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Australia Turns Down India’s GI Tag Application for Basmati Rice

Australia has rejected India's application for a geographical indication (GI) tag for its basmati rice in what could be an interesting trade dispute. Canberra has denied the request on the grounds that it is "not grown only in India".

Shivam Dwivedi
Australia asserts that rice farmers outside of India have a similarly valid claim to use the term, Basmati
Australia asserts that rice farmers outside of India have a similarly valid claim to use the term, Basmati

Following the rejection of the application for Basmati's name and logo, filed in February 2019, India has filed an appeal with the Federal Court of Australia, hoping to be successful.

"Australia has rejected our GI application," M Angamuthu, Chairman of the Agricultural and Processed Food Products Export Development Authority, said (APEDA). "We have already filed an appeal," says the lawyer. "An appeal has been filed against the name Basamti before the Federal Court of Australia on February 1, 2023," he said.

"Australia asserts that rice farmers outside of India have a similarly valid claim to use the term, Basmati. The interpretation of the prestige of GI products by Australian authorities is the thinking of the new world," said S Chandrasekaran, an expert in GI and author of "Basmati Rice: The Natural History Geographical Indiction".

APEDA is the government agency in charge of export promotion and GI registration for Indian products sold abroad. "It is (GI registration) an ongoing process and we will appeal again. This will have no effect on our trade," the APEDA Chairman stated.

"I believe India has misrepresented the facts. It is a product grown exclusively in North India and Pakistan. The GI stage for Basmati rice in India is well established, and it will be corrected in due course," said Vijay Setia, former president of the All India Rice Exporters Association and Director of Chaman Lal Setia Exports Ltd.

"Australia's rejection of the GI tag is irrelevant. "We trade Basmati rice under the same terms and conditions all over the world," said Rajesh Paharia Jain, a Delhi-based exporter.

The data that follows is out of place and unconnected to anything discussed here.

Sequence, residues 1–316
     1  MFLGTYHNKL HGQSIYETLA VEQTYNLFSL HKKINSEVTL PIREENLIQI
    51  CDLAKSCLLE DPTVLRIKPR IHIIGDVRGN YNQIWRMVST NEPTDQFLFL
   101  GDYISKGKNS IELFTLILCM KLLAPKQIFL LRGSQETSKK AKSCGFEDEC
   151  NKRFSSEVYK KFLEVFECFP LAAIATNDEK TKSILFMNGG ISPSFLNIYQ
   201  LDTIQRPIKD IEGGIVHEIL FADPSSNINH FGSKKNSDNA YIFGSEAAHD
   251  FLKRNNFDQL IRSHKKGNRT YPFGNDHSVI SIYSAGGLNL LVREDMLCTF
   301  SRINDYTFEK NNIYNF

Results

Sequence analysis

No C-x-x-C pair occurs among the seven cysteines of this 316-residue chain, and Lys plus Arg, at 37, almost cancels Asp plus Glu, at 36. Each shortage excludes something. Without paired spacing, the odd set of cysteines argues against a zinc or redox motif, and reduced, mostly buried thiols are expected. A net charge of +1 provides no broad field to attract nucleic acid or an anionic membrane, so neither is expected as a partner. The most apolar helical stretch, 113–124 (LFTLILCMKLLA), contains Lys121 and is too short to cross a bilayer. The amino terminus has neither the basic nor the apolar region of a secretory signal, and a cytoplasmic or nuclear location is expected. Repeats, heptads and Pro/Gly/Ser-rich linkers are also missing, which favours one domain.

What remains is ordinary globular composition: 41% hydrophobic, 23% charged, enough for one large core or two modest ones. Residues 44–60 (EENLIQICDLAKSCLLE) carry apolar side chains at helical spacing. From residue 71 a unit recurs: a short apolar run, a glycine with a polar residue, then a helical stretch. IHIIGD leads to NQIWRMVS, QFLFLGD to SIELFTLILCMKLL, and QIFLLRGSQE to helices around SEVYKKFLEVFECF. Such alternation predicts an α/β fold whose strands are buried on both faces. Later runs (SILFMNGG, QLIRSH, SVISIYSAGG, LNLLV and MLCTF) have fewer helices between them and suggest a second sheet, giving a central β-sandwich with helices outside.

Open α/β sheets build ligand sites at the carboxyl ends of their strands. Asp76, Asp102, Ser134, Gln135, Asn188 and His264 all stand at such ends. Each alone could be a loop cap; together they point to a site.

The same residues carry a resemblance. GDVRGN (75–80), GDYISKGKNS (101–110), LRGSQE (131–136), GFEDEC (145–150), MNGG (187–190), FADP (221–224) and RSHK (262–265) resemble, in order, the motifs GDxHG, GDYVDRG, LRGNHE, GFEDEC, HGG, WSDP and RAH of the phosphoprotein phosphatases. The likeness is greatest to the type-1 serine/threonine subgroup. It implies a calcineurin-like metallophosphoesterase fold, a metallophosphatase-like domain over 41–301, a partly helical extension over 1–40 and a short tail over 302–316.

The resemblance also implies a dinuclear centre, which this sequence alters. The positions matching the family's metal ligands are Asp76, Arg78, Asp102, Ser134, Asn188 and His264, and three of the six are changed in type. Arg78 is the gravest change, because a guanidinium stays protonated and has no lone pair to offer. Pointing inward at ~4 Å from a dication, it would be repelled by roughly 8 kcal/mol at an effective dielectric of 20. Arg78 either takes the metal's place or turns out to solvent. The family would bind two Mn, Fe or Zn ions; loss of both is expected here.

Chandrasekaran said the thinking of the new world on GI law "pertains to European immigrants who carried a protected product name into their new home territory and use it commercially as seen in Latin America, South Africa and the US". It conflicts with the "Oriental and European system".

"In order to deal with these new world countries in our national interests, we needed appropriate strategy and tactics," he said. "It is a fight between two neighbours-India and Pakistan. On the same issue, we have fought the US. Such a decision will have no effect on us," Jain stated.

Experts, including Chandrasekaran, believe India made a mistake or two in finalising the FTA with Australia. On Friday, shares of Basmati rice companies fell 1% on the stock market. "The current rejection of Basmati GI tag by Australia is a missed opportunity by India to incorporate Basmati rice GI protection in the first round. "India should take up this in the second stage," Chandrasekaran said.

According to him, this could help India address the long-pending issue of GI tag in the United States. The US reluctance to offer GI Tag could be attributed to a patent that RiceTec obtained in the US for Texmati rice with Basmati properties, which India fought tooth and nail to have reversed.

After Pakistan objected to the tag, India faced a similar problem in obtaining a GI tag for basmati rice in the European Union. The European Commission requested that India and Pakistan reach an agreement through talks, but no agreement was reached. As a result, the matter is still open.

According to Chandrasekaran, the issue may now come up in Europe's FTA talks with India, with the former attempting to bargain something in the talks. Angamuthu and trade experts believe Australia's decision will have no effect on trade because it imports about 50,000 tonnes of basmati per year, with shipments of 35,112 tonnes valued at Rs 351.78 crore during the current fiscal year.

It imported 43,977 tonnes worth Rs 370 crore in the previous fiscal year, and it plans to buy 57,989 tonnes worth Rs 480.82 crore in 2020-21. Australia accounts for slightly more than 1% of India's total Basmati rice exports.

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